Nurses are on the front lines of the industry’s radical transformation in EHRs (electronic health records), spending, in a typical shift, 35% of their time on documentation—that’s 3.5 hours of their workday entering information at a computer. Considering that about 30% of hospital executives report being unhappy with their current EHR system (survey by Premier), there’s a good chance that nursing executives, and the nurses who work for them, are equally unhappy.
Underlying every EHR implementation is the goal of doing business more efficiently, but so much focus is put on the availability of the systems that certain parts of the implementation and logistical concerns may not be getting the attention they deserve. If nurses have complex systems to master, have equipment that doesn’t fit within their workflow, have equipment that doesn’t properly address privacy concerns or is uncomfortable to work on, the systems will never reach their full potential.
This news comes at a time when nurses may already be feeling unsettled about nursing shortages or the fact that nursing has the third highest reported injury rate of any profession. In a recent survey of full-time nurses, 60% are concerned that their job is negatively impacting their own health. Nurses are 48% more likely to have wrist, back and ankle sprains or strains, and 53% of nurse injuries are due to overexertion. Twelve percent have been injured on the job over the course of just one year and over 50% of nurses commonly suffer from back pain and sore necks. When considering these statistics, a few things quickly become clear. Their time spent documenting should not be an additional source of exertion and musculoskeletal injuries. But it is. Forty-nine percent of nurses report feeling some level of discomfort while inputting charting data into a computer workstation.
What can be done? Fortunately, wrist and neck injuries related to time documenting are preventable. Planning and training is key. Nurses need the right support crew, in the form of adjustable and ergonomic workstations, whether mounted on the wall or in mobile formats that give nurses the power to improve their comfort during charting while also allowing them to deliver the same or an even better level of patient care.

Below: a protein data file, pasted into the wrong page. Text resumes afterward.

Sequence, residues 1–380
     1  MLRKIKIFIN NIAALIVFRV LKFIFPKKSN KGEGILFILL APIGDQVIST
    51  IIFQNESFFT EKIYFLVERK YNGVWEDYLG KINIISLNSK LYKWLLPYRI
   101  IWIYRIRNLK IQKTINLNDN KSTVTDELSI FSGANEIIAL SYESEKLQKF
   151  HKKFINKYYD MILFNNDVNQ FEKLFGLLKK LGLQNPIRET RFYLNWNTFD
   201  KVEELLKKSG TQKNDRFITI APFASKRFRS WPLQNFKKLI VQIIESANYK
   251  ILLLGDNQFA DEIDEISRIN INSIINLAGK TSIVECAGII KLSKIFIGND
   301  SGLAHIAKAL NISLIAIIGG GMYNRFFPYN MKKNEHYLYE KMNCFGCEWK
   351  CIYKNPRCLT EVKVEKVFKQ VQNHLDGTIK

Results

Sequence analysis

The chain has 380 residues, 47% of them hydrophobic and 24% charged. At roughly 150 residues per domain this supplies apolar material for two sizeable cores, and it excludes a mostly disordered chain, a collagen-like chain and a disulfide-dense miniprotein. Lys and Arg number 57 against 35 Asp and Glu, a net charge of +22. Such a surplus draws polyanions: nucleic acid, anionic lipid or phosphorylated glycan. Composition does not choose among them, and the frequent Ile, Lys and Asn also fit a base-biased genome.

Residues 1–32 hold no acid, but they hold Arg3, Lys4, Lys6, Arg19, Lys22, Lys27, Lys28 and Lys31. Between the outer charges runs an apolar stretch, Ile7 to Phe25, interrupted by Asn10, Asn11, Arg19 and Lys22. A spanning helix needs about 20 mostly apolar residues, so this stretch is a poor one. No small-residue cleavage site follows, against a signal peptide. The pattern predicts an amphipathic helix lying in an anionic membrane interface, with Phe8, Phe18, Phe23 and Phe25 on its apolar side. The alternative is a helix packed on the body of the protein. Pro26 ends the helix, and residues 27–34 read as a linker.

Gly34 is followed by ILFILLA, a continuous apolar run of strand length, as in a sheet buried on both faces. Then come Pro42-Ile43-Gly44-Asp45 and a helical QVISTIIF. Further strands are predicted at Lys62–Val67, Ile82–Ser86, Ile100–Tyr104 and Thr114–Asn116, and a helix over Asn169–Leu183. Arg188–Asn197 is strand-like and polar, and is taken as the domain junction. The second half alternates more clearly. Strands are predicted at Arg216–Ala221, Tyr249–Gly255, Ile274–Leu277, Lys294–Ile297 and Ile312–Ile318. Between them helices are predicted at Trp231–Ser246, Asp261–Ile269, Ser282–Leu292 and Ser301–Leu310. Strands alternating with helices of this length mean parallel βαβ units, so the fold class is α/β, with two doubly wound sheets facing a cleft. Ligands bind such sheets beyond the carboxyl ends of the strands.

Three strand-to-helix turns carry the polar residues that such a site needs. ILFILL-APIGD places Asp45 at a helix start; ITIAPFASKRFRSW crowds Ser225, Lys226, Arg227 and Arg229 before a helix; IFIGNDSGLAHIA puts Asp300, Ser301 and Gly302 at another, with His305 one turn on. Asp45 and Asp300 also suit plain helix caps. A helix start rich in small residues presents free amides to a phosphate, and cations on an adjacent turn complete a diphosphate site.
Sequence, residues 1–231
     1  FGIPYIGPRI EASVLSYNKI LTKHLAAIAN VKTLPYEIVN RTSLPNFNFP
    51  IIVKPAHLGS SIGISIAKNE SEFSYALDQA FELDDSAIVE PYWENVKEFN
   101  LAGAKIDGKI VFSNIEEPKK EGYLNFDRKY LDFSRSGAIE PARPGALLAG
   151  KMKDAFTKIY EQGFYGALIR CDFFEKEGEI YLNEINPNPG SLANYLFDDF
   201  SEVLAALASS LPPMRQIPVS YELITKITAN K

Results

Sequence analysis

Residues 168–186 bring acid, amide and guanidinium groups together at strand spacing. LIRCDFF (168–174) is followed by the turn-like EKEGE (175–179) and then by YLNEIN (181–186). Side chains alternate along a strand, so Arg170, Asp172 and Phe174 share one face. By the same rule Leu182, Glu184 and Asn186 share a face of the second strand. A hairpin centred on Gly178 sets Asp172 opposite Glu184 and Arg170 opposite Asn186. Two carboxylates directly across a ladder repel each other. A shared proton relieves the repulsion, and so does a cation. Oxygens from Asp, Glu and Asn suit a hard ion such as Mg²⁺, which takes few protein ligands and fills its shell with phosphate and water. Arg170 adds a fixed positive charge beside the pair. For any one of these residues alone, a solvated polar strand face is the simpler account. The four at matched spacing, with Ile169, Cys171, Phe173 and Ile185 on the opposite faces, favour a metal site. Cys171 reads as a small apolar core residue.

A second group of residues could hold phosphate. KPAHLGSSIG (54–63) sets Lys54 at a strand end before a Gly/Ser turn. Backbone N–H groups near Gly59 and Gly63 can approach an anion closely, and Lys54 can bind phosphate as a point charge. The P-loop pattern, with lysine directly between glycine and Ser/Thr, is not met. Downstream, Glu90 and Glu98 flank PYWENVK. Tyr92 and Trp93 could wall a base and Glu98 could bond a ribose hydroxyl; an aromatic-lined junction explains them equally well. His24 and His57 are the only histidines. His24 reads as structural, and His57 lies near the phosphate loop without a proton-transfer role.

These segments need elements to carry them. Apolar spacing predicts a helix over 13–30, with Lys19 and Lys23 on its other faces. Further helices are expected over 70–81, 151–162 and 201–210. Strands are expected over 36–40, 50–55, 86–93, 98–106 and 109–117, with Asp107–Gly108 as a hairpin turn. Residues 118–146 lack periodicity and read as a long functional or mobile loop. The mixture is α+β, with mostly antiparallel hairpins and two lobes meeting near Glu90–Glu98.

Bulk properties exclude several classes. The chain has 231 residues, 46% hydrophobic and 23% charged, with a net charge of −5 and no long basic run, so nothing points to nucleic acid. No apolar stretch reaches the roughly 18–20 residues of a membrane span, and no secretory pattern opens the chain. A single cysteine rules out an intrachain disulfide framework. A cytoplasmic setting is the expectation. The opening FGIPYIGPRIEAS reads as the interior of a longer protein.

In order to maximize your EHR implementations successfully, include evaluating current and future workflow processes and plan for the right equipment. Get input from nurses upfront, then be sure to train them on how to best use and adjust the equipment, making the act of documentation a positive experience for their bodies, wherever their shift takes them. With careful planning it’s possible for the implementation of EHR to work in your nurse’s favor rather than becoming a pain point.
When nurses feel good, it improves their quality of care. Conversely, injuries and physical discomfort directly affect patient interaction. Nurses admit feeling less friendly or engaging with patients and modifying or limiting their activity on the job if their body is hurting. Having the proper equipment is a win-win for nurse comfort and EHR implementation success.
Poor usability, time-consuming data entry and interference with face-to-face patient care are just three of the prominent sources of professional dissatisfaction with EHRs (2013 RAND report). While these factors won’t completely go away when improving computer interfaces, some challenges can be addressed to help ensure that in addition to adhering to government mandates and compliance, nurse health and safety remains a top priority.
Steve Reinecke, MT (CLS) CPHIMS
AVP of Healthcare at Ergotron